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By Bulbul Singh

21 Mar 12.India has hiked its budget spending for the next financial year, 2012-13 by 17.6 per cent at $38.68 million (1USD = 50 Indian Rupees) compared to defence budget of rival China at $106 billion and Pakistan $5.75 billion. The big ticket defence deals which are in the pipeline and will be finalized in the next financial year include the $11 billion MMRCA program, helicopters for the Indian Air Force, Army and Navy and Howitzers from BAE Systems. However, the hike, in real terms is only 13 per cent as India’s defence forces overspent the previous allocation spending $34.2 billion compared to the budget allocation of $32.8 billion. Of the $38.68 billion the money which has been earmarked for buying new weaponry is $15.9 billion, a 15.7 percent hike over last year’s allocation of $13.8 billion.

The Indian Air Force gets the largest slice from the budget, having been allocated $6 billion compared to $5.94 billion. The Indian Navy jumped from $4.6 billion to $2.6 billion last year. The Indian Navy is building warships to keep the current fleet of around 127 for the next ten years, as the majority of Russian-made aging warships are de-commissioned with new build being slower than the rate of scrappage. The Indian Navy is building the indigenous Kolkata class of guided-missile destroyers at a cost of around $3.5 billion. Shivalik class stealth frigates are being built under project Project 17 at a cost of around $1.8 billion, following the Russian-built Talwar class stealth warships. Domestic shipyards are currently building around 46 warships including the indigenous aircraft carrier and air defence ship. Another aircraft carrier, Admiral Gorshokov is currently in refit in Russia already costing over $1 billion more than planned.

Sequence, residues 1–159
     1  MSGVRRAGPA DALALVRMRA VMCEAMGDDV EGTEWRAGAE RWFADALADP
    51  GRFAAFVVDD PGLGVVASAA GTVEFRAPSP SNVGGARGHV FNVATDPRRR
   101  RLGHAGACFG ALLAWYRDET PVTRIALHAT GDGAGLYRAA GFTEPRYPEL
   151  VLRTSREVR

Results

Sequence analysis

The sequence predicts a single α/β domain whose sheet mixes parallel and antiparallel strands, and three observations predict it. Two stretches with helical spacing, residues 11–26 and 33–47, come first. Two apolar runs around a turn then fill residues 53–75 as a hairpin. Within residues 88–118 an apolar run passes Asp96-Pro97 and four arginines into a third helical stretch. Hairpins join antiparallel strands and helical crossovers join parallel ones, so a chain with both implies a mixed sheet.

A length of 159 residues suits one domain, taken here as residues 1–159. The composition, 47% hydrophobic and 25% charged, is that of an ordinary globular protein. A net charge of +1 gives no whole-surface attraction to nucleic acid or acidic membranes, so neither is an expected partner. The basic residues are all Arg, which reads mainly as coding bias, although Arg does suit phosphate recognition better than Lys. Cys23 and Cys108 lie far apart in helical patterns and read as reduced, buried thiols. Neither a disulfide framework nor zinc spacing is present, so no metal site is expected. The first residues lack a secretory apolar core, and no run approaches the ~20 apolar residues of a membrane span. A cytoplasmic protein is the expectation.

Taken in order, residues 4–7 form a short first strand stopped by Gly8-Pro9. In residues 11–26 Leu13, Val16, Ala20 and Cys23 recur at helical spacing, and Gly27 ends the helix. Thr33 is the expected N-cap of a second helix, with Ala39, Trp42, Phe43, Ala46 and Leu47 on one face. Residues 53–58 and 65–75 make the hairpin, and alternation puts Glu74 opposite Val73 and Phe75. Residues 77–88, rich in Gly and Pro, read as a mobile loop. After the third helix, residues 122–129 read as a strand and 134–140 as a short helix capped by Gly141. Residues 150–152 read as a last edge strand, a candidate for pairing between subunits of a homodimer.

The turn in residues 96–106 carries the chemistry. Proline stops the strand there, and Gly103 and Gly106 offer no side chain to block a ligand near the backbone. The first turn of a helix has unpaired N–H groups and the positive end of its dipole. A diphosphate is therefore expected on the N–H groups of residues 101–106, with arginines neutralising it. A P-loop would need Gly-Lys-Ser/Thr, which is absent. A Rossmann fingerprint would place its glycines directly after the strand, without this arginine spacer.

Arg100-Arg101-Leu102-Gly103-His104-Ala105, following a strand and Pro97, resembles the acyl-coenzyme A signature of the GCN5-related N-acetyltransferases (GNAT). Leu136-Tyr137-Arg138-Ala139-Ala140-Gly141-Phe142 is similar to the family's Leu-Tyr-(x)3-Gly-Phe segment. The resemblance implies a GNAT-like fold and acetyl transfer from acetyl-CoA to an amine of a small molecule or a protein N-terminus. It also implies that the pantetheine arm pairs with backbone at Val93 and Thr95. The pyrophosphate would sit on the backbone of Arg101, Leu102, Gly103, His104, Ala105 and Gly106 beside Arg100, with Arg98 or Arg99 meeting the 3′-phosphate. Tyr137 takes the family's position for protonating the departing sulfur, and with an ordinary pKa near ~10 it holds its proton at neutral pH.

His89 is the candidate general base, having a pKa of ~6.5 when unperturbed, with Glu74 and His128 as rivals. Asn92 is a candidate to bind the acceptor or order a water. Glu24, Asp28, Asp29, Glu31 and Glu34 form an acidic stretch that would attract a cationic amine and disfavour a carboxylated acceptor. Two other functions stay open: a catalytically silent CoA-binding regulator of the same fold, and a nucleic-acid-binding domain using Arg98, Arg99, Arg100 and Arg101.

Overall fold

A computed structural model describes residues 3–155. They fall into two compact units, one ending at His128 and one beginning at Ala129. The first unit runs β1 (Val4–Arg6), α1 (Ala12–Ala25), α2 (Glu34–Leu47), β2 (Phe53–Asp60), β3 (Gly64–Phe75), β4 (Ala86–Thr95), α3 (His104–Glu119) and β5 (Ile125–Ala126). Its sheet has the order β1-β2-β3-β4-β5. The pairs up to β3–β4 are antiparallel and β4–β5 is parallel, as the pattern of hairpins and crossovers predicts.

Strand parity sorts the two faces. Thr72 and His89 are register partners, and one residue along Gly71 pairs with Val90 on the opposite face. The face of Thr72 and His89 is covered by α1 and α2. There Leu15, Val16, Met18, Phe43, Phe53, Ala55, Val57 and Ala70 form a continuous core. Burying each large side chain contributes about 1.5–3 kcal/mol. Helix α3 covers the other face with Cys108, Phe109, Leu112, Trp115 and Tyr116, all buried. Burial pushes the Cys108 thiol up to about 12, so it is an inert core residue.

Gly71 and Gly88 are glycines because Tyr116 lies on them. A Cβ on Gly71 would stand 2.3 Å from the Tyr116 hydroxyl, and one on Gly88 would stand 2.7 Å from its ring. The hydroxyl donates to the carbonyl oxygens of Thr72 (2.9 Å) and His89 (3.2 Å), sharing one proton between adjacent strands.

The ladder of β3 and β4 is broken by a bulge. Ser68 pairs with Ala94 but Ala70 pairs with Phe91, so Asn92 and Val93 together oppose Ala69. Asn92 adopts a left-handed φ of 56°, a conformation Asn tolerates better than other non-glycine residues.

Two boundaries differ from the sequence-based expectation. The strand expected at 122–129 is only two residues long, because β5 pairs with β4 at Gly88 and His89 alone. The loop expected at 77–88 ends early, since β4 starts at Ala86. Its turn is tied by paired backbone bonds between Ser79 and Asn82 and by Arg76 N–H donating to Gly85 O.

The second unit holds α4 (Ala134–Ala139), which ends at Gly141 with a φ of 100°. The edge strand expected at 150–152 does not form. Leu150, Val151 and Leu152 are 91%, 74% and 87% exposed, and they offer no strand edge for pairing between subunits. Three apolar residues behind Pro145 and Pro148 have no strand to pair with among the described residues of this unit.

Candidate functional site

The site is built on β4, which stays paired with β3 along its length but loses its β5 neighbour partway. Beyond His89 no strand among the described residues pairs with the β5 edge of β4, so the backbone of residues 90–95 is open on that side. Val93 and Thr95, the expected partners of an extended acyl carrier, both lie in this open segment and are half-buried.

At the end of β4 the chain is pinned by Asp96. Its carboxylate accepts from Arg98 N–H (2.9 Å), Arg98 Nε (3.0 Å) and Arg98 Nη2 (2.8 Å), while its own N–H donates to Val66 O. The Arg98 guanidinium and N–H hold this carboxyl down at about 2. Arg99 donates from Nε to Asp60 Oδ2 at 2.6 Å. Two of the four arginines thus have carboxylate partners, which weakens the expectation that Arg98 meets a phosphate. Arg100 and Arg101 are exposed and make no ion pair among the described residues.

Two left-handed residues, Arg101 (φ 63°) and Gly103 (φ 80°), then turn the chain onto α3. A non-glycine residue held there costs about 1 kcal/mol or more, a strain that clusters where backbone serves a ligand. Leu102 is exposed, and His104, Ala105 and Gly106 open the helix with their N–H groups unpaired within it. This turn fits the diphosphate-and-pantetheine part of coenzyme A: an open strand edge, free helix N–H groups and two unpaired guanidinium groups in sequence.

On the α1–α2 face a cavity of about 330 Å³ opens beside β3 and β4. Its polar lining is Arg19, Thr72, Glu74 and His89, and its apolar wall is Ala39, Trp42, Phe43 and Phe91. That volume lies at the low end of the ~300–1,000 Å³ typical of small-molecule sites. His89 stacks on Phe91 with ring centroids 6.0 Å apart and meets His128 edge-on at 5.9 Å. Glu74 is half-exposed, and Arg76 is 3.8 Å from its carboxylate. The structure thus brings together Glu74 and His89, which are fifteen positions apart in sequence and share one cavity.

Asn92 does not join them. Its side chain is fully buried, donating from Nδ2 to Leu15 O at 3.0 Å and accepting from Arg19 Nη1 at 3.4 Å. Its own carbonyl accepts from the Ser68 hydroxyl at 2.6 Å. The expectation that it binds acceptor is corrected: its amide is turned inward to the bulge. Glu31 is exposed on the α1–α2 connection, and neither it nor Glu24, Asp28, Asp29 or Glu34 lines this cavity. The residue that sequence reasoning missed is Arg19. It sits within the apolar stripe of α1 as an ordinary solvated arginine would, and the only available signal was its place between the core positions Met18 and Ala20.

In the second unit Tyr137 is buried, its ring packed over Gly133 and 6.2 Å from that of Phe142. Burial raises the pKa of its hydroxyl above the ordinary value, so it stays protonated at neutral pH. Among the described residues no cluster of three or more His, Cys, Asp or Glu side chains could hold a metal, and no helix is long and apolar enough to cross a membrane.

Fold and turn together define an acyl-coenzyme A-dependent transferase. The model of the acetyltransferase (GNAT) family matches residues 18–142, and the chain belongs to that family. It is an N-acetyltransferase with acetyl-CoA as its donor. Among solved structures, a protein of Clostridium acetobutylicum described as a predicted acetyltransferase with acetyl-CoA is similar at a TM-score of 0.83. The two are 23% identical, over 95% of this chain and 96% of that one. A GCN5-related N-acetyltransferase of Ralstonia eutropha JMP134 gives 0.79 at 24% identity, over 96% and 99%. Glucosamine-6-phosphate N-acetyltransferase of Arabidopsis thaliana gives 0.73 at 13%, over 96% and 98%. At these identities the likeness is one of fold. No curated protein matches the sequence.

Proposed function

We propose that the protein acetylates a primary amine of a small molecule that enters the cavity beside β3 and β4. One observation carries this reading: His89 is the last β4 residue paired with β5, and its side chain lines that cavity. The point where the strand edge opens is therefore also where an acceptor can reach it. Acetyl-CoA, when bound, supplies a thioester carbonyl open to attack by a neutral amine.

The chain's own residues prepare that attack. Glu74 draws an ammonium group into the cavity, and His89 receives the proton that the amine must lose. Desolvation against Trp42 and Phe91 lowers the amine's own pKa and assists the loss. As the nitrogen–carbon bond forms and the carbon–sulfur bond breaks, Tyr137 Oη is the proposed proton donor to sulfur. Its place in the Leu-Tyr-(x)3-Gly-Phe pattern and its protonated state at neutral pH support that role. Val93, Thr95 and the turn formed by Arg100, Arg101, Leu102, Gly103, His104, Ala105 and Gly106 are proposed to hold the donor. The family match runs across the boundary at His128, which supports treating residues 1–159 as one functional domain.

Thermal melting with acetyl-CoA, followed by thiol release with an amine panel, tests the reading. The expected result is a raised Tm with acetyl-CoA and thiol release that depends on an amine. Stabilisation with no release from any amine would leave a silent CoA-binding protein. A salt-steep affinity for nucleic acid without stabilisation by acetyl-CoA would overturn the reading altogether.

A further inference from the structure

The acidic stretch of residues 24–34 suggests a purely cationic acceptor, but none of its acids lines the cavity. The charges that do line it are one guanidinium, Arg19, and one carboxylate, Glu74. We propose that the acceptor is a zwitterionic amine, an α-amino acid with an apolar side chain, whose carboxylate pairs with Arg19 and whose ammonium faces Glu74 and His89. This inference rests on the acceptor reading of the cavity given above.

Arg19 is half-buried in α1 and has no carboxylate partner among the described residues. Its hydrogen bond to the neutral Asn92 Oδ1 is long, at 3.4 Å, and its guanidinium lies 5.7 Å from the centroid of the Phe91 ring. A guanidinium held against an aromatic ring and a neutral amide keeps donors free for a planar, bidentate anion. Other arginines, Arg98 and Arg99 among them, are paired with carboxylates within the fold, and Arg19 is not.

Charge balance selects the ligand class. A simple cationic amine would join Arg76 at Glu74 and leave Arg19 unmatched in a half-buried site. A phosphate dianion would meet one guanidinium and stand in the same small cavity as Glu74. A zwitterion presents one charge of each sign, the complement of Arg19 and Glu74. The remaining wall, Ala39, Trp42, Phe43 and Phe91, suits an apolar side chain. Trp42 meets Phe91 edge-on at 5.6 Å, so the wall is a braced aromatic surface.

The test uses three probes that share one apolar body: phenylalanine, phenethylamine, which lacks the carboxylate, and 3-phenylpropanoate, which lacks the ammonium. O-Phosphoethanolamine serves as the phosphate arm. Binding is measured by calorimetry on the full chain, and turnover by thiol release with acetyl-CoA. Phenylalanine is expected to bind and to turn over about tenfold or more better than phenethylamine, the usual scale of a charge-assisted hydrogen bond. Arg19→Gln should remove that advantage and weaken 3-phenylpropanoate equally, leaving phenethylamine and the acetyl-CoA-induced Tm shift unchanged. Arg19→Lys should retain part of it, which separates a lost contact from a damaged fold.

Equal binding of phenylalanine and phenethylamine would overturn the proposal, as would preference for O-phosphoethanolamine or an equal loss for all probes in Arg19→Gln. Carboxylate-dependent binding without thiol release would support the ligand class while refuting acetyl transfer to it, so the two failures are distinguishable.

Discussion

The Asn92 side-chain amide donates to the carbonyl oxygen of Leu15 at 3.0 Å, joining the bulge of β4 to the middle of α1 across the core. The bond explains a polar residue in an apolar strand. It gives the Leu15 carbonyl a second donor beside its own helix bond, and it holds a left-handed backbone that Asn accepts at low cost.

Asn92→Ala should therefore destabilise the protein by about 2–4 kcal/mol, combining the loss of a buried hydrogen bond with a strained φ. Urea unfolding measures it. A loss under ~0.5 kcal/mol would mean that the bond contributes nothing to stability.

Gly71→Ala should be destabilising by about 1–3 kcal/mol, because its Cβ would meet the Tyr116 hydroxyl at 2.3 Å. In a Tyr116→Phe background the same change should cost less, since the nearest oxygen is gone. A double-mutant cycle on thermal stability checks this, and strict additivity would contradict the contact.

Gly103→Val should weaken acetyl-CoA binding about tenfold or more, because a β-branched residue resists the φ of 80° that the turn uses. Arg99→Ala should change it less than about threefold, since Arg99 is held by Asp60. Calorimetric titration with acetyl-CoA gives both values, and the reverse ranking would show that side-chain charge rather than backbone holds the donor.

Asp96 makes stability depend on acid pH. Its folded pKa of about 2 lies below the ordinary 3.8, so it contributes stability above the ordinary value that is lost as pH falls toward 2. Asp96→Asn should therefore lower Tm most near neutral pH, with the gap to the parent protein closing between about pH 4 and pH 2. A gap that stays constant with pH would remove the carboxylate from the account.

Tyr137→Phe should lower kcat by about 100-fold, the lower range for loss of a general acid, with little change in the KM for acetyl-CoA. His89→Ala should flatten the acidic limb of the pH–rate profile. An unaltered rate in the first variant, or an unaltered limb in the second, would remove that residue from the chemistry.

The Indian Army has been allocated $3.77 billion compared to $3.8 billion last year. The Indian Army plans to buy a variety of military vehicles, air defence systems, howitzers and helicopters. Last year

India announced that it will buy weaponry and equipment worth $100 billion in the next ten years. This will generate offsets worth $30 billion, which will benefit the domestic defence industry. However, Indian defence ministry analysts and senior officials of said that the defence spending would be around $150 billion, given the shift towards strategic weapons in the recent past.

India remains one of the biggest buyers of weapons in the world and it depends largely on imports for its needs. Whilst emphasis has been given by Indian defence planners on the indigenous defence industry, no major defence JVs have taken up with overseas defence companies as the limit for investment by foreigners in the defence sector is restricted at 26 per cent.

The Stockholm International Peace Research Institute (SIPRI) in its new report said that India was closely followed by China and Pakistan whose weapons imports constituted 5 percent each of global sales. The share of domestic private sector defence companies has also not improved appreciably since the sector was opened up in 2001, mainly on account of their inability to compete with the state-owned defence companies. The share of the domestic private sector companies in the defence market is below $1 billion whereas the state-owned companies sell weapons and equipment over $4 billion.

In the years ahead the equation is likely to change as the Indian defence forces order big ticket weapons and equipment from India’s state-owned defence companies. The state-owned Bharat Dynamics Limited is likely to produce 10,000 tactical missiles at a cost of over $15 billion said a DRDO scientist.

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